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Mission Marshall Food Pantry nudges residents toward healthier living

By Caleb Brabham
April 22, 2017 at 4 a.m.

A client of the Marshall Food Pantry fills a basket.

Mission Marshall Food Pantry Director Heather Miller said she believes that all many people need to start down the path to a healthy lifestyle is a nudge - not a push. Earlier this year the pantry began to institute a healthy food "nudge" program started by the East Texas Food Bank.

"It's called a nudge because you're not forcing someone to (choose) a healthier option," Miller said, adding the Nudges program increases the exposure of the pantry's clientele to produce and healthier items. "Food Nudges have been a program with the East Texas Food Bank for about two years."

Miller said that as one of the larger local food banks, the Mission Marshall Food Pantry, at 2109 S. Washington, was eventually approached by the ETFB to be a part of the program.

"They came, looked at our pantry and gave us some pointers on how to rearrange things. Then they started looking at our clientele, (including age health issues, etc.)."

Miller said ETFB provided the pantry with a commercial-size cooler, two additional produce stands and healthy recipes for clients using ingredients to be provided by the panty.

"I have always tried to order healthier things - lower sodium things and whole grain (items) - (in order) to have a healthier variety of stuff," Miller said. "We also get the typical store donation of dairy and produce."

Miller said the nudge program acknowledges that being healthy is often expensive and works to alleviate the problem.

"These are things that people can't typically afford - nobody wants to pay $5 for a pound of grapes or $3 for a gallon of milk. It's not rational," Miller said, adding in the past clients would not get a healthy food item because they needed other items instead. "We don't want them to worry about it counting towards their food number. All of the produce, dairy, eggs and milk are bonus items that don't count towards the items their family are allowed to have.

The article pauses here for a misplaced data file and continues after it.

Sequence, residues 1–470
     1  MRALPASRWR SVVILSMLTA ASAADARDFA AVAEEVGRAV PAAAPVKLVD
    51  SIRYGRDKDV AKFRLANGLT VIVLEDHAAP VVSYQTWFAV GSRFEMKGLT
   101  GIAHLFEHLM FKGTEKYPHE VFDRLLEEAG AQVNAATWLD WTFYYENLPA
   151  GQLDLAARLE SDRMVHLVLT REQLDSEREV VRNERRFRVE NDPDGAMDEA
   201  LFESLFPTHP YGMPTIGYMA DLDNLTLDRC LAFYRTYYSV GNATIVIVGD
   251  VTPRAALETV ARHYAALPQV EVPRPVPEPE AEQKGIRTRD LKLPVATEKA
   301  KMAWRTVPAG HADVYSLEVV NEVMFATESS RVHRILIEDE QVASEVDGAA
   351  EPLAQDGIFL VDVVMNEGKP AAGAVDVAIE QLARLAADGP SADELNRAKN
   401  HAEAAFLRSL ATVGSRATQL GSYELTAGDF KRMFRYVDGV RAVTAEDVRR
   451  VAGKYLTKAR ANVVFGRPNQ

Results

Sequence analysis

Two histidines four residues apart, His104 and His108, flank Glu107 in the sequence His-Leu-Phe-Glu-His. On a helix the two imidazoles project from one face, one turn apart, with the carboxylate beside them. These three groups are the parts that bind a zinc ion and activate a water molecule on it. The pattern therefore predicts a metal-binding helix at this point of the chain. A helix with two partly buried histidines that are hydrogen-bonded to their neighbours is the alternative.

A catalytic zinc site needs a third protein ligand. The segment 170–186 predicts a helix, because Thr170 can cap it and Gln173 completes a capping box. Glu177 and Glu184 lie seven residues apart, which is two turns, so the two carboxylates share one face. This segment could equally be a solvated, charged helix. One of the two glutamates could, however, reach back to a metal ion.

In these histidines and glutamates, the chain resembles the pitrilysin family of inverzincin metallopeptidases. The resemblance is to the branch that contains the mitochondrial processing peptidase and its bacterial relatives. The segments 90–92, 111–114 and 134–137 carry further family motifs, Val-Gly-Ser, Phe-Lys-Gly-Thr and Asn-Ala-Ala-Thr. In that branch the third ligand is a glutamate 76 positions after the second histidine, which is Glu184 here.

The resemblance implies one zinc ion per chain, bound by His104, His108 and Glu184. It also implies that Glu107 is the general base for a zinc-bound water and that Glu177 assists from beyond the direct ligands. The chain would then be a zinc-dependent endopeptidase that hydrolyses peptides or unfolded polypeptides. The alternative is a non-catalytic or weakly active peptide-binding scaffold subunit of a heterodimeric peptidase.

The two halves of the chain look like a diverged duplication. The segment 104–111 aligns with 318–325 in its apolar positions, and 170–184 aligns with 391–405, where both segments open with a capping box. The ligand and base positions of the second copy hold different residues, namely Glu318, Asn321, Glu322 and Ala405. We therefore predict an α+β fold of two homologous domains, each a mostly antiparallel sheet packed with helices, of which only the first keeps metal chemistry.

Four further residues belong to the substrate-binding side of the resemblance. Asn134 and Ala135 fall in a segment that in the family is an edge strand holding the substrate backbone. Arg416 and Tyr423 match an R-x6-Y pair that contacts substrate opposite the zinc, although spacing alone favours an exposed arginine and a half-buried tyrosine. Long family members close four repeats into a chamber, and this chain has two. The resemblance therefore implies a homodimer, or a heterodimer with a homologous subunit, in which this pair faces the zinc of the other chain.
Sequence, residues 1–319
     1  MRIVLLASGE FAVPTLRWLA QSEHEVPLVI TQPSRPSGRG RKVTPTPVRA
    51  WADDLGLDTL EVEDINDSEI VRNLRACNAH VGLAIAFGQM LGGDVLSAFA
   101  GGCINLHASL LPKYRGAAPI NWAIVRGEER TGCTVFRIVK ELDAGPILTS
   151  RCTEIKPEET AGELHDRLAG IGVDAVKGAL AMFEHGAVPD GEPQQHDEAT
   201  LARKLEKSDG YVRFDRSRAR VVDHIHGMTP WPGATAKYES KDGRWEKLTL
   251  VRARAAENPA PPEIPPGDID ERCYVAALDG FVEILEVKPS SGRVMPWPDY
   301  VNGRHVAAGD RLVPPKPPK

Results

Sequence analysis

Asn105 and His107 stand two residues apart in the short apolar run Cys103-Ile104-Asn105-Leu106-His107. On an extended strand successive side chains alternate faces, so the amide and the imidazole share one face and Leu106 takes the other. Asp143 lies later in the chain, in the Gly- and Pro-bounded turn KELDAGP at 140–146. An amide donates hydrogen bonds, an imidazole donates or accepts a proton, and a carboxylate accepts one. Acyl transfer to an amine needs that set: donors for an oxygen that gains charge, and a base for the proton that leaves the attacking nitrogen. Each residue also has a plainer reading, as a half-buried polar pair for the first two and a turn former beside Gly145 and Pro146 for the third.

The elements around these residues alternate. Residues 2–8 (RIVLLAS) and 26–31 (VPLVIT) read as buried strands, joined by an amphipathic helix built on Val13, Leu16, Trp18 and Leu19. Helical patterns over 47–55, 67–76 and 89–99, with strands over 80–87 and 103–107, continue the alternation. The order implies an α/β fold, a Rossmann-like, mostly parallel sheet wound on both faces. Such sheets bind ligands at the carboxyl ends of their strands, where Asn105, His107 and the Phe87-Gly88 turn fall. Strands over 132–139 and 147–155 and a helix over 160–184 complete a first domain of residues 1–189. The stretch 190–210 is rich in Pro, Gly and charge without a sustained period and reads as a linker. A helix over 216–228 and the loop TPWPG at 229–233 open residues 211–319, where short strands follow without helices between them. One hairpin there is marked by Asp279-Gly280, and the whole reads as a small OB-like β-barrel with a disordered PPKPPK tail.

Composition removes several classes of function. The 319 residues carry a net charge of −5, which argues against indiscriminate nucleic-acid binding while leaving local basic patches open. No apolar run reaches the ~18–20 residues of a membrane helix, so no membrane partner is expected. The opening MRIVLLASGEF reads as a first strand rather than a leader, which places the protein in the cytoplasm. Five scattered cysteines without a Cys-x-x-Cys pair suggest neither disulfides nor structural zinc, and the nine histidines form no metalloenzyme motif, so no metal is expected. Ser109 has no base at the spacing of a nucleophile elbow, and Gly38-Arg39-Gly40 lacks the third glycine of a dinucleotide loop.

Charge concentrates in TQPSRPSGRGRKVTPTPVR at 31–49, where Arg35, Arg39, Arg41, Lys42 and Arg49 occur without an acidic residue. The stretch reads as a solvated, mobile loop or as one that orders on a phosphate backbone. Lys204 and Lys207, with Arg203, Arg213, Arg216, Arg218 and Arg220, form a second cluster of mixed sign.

"They can come in on the days that we have these, which is typically Monday evenings and Wednesdays. Along with 20 items for a two-person family, they can get an additional 10 more items."

Miller said the program works well with assisting those who have medical concerns.

"When they come through they know to look for those items if they have dietary needs," Miller said, noting the pantry is sensitive to diabetics, those looking to lose weight, the glucose intolerant, lactose intolerant and heart disease patients. "We have found that most of our clients have some form of a health issue. We also have a lot of clients who have failure to thrive babies because they are not getting the proper nutrition or they are extremely obese because all (their parents) can afford is ramen noodles and bread."

Miller said her clientele have noticed significant changes in their lifestyle through the program.

"We now have people coming in and asking where our low sodium (items) are," Miller said. "We had one lady come in and say she had lost a lot of weight just by making healthier choices. She was so thankful we've changed up things and provided healthier options."

For more information on Mission Marshall call (903) 472-4944.



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